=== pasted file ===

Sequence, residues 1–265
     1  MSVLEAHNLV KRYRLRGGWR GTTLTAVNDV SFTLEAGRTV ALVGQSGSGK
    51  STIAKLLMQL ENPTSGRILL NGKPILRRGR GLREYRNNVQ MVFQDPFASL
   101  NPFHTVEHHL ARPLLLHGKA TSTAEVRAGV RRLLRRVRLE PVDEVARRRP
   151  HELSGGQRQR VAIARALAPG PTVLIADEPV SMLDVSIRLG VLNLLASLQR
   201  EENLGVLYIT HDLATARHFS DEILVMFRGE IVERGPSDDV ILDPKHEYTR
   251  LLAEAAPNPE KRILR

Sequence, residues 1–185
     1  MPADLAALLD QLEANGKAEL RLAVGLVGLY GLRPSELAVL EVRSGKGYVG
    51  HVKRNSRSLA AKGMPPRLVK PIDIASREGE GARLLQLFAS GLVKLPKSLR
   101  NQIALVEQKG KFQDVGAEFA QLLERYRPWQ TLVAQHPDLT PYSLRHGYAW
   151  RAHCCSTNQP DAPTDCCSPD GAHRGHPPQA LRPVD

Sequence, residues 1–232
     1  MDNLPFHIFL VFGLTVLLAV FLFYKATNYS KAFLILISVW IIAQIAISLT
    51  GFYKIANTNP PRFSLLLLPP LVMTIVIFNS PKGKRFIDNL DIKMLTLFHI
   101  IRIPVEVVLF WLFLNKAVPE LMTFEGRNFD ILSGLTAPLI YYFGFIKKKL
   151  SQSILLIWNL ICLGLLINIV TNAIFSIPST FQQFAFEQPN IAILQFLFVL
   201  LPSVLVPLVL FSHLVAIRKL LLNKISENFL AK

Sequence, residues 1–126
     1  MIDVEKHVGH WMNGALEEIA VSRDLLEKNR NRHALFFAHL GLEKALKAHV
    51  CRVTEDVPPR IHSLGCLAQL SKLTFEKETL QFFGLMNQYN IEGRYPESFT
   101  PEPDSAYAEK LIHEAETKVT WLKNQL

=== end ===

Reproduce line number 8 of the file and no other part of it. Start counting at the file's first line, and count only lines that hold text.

Sequence, residues 1–185